[This post was first published in the Fairfax NZ Sunday Star Times on 13 April 2014]
The latest statistics show that New Zealand exports to China continue to surge. In the 12 months to February 2014, milk powder and beef exports each more than doubled, sheep meat sales increased by 80%, and log sales increased by 65%. Overall, exports to China increased from $7.1 billion to 10.9 billion, comprising 22% of total exports.
This overall percentage figure is not in itself a record. Both before and during the 1960s we were much more dependent than this on Britain, and in 1989 our exports to Japan reached 18% of total exports, before declining to the current figure of less than 6%. Nevertheless, the sheer speed of the increase in exports to China is causing concern both to commentators and the industries themselves.
I see no point in worrying about increasing reliance on China as a market destination. It is a simple reality that trade with China is going to increase a lot further yet. As long as the Chinese continue to pay more than other markets, then that is where the products will go.
Indeed it is Chinese demand that is almost totally the cause of our current buoyant terms of trade. Without China, prices would tumble globally in all markets for all major New Zealand agri-food products, except for wine. Our exchange rate would also crash, and imports such as oil and electronics would become much more expensive. So we need to get used to it. Our future lies with China and to a lesser but still significant extent, the adjacent ASEAN countries.
There are four products that China needs from New Zealand. They are milk powder, sheep meat, beef and logs. The reason we are doing so well with these products has little to do with our own marketing efforts. Primarily, it is because the Chinese have come to New Zealand seeking out the product. The Kiwi companies do much of this business by telephone from their New Zealand offices. They can do it this way because the Chinese have limited alternatives.
However, there is a whole range of other products which require more work to sell. They include apples, kiwifruit, wine, cheese, infant formula, a wide range of skin products, and other health related products. These more difficult products also include consumer-branded dairy products and consumer packs of meat. They are all products for which we have many competitors. And it is where an integrated ‘NZInc’ approach could make a lot of difference.
Back in 2011 I did some work for New Zealand Trade and Enterprise (NZTE) looking at how we might market consumer branded products under an ‘NZInc’ approach. I used the term ‘down-under food baskets’. Fundamental to the idea is that all purchases would be available online. Even then it was very apparent that online selling was going to become a major method of buying food. Some of my Chinese friends had been buying their food that way for several years.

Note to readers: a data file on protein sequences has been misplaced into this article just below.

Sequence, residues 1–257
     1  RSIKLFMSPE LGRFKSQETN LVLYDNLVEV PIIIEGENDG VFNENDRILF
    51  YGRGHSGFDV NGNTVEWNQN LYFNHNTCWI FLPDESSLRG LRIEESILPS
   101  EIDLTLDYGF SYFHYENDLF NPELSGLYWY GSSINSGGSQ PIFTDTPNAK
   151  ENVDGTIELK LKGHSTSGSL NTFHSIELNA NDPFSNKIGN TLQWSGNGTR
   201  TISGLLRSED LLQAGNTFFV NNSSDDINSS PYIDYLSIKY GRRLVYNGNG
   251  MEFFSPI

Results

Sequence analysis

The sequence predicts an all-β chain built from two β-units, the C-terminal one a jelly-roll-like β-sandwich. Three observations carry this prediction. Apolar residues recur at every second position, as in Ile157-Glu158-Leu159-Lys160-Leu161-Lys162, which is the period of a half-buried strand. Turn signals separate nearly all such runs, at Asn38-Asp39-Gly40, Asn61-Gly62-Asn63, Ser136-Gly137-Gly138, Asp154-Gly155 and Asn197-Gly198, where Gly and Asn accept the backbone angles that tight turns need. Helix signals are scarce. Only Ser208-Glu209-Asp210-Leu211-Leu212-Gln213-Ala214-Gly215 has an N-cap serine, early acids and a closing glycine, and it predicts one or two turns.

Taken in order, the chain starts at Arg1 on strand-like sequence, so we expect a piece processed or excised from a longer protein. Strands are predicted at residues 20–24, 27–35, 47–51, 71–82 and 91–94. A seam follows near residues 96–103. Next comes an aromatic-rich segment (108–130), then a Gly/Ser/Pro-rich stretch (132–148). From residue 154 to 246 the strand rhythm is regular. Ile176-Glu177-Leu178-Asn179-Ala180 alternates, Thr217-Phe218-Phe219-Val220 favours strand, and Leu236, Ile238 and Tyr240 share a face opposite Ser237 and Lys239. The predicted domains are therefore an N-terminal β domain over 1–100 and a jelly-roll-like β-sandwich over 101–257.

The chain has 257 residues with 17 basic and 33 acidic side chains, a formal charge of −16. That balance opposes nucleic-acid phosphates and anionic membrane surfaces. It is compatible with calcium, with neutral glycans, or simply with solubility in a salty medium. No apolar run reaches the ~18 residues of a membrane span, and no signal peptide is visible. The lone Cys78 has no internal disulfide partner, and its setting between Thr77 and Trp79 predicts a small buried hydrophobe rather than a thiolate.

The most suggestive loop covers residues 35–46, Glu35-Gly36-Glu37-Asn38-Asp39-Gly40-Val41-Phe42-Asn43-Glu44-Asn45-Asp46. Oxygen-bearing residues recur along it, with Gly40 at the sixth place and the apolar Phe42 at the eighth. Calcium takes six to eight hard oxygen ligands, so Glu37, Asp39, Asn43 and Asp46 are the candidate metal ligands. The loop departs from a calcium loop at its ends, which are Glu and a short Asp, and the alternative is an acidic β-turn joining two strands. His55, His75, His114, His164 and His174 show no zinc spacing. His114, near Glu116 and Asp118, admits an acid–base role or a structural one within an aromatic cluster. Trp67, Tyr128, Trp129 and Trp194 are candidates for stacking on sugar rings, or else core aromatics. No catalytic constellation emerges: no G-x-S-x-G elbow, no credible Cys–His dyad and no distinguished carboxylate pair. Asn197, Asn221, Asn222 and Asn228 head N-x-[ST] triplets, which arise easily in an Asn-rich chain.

The key idea is that a comprehensive range of food and beverage items would be available, and all would be of guaranteed provenance. To get the necessary range of fruit and vegetables, it may be necessary to draw on our down-under cousins from across the Tasman. However, to get the benefits flowing through to NZInc, the business would be NZ managed.
The key physical requirements are a warehouse and shop-front in each major city, and a logistics system around this. Some parts of the logistic system are already available in China with potential for outsourcing, including online buying platforms and consumer delivery systems. What is not currently in place is the inwards logistic system from New Zealand, and the associated NZInc management.
The key clientele are those Chinese who are prepared to pay for guaranteed provenance. They are actually the same demographic who travel to New Zealand as our largest inwards group of tourists. There are obvious synergies to be gained between the Chinese tourism and food export businesses.
NZTE has recently commercialised its ‘NZFocus’ operations and it is possible to purchase a limited range of food items online in Hong Kong, Shanghai and Guangzhou. Also, and increasingly, some NZ firms are individually selling their products through online platform Taobao. But all of these are just a pale apology for a genuine comprehensive and integrated ‘NZInc’ approach.
To get the system operational requires a partnership between Government and industry. Because each company is focused on its own product, it is essential that Government takes a lead. However, the structure has to be commercial.
My preliminary estimate is that start-up capital of about $40 million would be needed to create the necessary systems and scale of operation. That may sound a lot, but it is a tiny amount compared to the long term benefits. My frustration is that we are not already doing it.